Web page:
After an elaborate breakfast at our ryokan, our first full day in Hakone and last full day in Japan comprised a chain of buses, trains, and trails through the mountainous volcanic area with some impressive views of Fuji and the surrounding wilderness.


Day Eleven: Jaa Ne Japan
Our final day in Japan involved another elaborate breakfast at the ryokan followed by a quick goodbye to all the fine staff there, after which we bussed over to the train station and hopped over a couple stops to our final bullet train back to Tokyo. We made time for one final stop at T’s Tan Tan in the Tokyo Station and then made our ways to our planes.

This trip was many firsts for us—our first time in Asia ever, our first time in a non-western culture, our first time attempting to communicate in a language with no common roots to the Germanic or Romantics. But our hope is that it’s far from the last in any of those terms. There’s an idiom in Japan—期一会 or Ichi-go ichi-e—basically, “one life, one meeting”. I think it’s meant to remind us to cherish the moments in life, especially the encounters with other people, because they may never happen again. It’s a challenge and a daunting task to consider, stretching oneself and deliberately placing oneself so far out of one’s comfort zone. But doing so is rewarding in ways that are hard to communicate.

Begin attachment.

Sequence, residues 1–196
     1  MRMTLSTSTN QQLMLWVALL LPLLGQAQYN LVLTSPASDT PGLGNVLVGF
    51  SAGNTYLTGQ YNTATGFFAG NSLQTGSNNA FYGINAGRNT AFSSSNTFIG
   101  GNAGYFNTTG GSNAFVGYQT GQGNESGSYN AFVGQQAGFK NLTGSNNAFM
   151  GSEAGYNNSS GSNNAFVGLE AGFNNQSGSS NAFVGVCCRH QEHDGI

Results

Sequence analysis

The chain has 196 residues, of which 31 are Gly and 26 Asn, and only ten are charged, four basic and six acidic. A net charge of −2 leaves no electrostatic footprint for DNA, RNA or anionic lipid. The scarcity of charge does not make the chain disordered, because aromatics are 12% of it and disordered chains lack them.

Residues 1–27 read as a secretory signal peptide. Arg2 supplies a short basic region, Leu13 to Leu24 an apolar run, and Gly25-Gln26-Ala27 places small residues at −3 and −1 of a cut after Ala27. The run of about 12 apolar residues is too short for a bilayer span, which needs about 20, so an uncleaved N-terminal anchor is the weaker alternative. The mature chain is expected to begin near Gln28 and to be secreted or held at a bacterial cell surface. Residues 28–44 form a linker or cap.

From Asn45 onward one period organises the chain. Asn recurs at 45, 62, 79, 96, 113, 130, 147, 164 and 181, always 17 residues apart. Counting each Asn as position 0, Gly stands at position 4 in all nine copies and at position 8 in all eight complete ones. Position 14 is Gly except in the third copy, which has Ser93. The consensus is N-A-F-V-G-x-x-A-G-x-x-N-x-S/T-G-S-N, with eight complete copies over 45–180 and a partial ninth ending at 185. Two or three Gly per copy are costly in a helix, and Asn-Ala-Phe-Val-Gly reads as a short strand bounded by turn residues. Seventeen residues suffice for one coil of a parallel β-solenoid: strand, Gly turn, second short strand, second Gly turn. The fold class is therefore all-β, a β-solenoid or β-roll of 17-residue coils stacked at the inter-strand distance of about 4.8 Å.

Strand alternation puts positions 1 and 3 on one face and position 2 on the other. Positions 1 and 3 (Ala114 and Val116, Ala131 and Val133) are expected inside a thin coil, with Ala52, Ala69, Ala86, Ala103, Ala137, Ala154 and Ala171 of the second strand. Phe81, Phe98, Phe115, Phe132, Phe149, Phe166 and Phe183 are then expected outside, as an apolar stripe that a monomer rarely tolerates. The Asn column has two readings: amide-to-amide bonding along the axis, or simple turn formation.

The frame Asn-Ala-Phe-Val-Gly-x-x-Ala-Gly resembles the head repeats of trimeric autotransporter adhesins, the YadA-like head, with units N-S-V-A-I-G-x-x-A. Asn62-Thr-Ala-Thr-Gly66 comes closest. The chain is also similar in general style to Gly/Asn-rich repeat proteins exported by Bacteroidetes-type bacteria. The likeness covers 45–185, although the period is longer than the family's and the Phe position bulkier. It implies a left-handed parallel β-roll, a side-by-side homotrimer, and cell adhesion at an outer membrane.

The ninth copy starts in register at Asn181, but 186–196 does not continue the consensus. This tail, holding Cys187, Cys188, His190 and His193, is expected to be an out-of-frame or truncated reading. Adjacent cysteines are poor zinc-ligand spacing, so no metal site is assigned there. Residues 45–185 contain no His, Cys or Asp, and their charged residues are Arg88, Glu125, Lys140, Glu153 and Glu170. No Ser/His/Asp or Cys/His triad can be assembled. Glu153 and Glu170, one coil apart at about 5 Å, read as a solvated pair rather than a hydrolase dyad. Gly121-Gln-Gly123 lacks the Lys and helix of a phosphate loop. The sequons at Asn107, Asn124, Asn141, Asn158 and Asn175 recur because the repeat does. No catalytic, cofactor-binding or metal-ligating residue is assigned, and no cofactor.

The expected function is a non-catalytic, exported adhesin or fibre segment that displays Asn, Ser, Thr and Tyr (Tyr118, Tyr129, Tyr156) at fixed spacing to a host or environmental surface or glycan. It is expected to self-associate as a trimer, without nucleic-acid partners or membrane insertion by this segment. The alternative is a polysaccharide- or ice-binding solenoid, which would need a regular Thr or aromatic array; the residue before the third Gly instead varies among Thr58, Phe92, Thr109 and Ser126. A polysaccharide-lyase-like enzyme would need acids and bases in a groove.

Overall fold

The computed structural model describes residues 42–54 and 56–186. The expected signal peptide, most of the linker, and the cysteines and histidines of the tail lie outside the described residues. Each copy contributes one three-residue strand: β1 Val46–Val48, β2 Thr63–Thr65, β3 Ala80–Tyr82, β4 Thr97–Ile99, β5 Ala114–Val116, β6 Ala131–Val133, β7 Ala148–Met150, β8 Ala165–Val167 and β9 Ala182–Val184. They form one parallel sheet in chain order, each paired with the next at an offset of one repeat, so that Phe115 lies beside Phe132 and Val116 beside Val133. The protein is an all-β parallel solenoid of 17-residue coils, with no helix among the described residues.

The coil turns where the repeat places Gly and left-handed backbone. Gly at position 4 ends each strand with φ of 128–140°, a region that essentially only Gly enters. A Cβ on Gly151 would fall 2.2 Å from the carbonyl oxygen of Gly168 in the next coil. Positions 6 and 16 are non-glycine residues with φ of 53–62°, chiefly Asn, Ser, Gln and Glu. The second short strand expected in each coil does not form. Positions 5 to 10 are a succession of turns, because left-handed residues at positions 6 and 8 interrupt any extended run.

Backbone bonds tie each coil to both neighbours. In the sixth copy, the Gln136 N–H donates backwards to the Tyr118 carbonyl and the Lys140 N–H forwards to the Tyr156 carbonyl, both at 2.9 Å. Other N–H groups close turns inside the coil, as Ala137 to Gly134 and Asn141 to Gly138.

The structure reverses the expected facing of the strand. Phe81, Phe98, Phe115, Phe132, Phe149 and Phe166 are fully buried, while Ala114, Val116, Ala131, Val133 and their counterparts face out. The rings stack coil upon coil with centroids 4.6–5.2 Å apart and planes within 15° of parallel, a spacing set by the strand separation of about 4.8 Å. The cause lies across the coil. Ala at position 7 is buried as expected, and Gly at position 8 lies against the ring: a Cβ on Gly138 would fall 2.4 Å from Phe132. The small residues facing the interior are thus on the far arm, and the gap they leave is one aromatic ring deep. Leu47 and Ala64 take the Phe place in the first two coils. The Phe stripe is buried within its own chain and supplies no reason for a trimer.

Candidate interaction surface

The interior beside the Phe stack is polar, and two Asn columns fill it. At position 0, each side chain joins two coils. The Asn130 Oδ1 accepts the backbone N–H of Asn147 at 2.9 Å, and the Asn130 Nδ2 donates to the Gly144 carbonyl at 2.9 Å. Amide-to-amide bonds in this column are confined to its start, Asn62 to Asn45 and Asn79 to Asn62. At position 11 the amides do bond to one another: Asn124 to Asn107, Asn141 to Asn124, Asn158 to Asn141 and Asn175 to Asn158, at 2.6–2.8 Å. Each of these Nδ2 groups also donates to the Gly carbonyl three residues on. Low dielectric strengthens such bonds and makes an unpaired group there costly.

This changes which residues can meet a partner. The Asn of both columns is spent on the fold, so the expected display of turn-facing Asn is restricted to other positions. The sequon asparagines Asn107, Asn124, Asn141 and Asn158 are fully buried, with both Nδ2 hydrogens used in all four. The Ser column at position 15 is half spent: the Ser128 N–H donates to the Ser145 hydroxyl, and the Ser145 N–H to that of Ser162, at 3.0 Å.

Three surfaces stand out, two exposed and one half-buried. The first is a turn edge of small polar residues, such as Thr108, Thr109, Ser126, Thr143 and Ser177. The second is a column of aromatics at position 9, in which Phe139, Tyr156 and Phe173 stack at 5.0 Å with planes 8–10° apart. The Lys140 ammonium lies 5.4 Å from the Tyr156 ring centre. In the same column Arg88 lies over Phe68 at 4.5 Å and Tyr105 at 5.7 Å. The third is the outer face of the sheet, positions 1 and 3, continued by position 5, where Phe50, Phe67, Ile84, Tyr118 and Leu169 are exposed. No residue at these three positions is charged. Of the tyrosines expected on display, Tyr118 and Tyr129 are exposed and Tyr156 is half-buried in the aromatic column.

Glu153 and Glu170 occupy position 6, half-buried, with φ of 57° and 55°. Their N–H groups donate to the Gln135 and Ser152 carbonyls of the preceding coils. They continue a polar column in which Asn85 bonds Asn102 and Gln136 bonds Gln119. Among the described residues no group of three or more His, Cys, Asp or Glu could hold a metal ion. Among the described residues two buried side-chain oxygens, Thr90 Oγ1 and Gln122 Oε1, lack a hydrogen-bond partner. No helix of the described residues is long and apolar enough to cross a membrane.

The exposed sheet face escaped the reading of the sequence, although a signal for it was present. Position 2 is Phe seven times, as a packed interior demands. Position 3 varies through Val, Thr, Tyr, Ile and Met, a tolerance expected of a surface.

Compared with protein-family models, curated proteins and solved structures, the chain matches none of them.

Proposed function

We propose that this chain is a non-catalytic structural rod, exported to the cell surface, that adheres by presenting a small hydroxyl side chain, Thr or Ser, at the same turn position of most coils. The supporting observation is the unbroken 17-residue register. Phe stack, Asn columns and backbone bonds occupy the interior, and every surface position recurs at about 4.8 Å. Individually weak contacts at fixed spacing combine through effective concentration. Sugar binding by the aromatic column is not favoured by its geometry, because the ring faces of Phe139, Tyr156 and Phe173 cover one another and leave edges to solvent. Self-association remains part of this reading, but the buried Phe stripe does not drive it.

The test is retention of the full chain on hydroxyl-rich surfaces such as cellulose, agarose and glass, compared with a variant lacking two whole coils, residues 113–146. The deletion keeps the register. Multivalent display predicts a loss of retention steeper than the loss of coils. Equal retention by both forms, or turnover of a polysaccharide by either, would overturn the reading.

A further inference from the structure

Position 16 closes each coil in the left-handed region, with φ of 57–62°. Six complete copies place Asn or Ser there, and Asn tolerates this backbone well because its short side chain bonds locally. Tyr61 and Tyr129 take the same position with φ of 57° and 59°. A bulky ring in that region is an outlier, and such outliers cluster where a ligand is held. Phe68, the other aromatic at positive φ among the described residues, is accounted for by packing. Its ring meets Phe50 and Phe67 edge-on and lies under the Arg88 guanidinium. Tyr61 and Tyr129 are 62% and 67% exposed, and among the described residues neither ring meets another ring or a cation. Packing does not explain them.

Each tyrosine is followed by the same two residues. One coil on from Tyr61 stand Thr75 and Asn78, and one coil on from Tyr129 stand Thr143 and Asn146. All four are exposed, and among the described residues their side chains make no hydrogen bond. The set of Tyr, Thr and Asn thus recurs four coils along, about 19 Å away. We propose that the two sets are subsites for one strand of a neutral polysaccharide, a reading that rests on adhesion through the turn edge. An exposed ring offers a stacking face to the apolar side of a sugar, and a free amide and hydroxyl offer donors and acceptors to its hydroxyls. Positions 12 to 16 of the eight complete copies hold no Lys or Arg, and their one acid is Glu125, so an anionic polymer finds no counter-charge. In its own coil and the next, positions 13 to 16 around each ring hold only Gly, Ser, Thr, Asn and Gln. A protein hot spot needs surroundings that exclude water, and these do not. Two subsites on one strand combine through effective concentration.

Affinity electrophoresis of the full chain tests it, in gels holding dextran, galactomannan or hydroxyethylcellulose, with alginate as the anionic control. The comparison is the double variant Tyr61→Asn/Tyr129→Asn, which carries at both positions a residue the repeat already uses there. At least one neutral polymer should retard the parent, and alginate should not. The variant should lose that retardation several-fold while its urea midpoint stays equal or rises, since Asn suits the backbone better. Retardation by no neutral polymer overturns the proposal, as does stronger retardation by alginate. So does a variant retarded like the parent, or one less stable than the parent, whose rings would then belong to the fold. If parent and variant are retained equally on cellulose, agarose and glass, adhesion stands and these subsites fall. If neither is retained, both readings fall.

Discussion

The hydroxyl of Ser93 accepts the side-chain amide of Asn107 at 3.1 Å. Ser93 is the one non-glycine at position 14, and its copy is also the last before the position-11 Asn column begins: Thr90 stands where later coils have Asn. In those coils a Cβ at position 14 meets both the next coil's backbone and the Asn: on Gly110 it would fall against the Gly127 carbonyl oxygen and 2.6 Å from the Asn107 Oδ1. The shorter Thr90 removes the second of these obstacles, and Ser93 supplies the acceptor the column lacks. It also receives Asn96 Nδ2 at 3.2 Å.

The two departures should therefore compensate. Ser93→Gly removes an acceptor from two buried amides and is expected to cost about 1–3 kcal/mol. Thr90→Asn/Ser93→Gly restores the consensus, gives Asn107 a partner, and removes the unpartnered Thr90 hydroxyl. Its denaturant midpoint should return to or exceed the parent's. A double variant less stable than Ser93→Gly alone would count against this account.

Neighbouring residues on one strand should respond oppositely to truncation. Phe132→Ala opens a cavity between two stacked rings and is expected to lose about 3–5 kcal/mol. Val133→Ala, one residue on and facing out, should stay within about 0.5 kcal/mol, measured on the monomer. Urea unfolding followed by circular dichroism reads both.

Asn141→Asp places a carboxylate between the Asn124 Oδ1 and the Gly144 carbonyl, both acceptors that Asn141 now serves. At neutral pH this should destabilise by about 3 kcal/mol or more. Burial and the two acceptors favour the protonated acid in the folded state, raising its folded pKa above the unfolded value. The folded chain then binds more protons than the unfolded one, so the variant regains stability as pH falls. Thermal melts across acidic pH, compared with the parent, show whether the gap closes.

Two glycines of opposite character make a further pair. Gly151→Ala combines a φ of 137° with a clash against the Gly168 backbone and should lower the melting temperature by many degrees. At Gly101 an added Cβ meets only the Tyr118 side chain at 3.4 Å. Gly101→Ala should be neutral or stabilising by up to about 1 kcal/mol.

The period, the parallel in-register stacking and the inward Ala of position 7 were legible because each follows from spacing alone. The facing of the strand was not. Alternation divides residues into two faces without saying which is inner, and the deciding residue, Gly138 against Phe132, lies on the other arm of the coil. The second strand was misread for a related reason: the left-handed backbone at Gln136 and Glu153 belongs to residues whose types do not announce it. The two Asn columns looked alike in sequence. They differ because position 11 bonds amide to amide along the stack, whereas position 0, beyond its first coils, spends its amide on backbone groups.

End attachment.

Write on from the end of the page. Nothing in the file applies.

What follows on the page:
Japan is a beautiful, unique country with amazing, wonderful people—if anyone reading these pages has the means, we highly recommend making that meeting happen.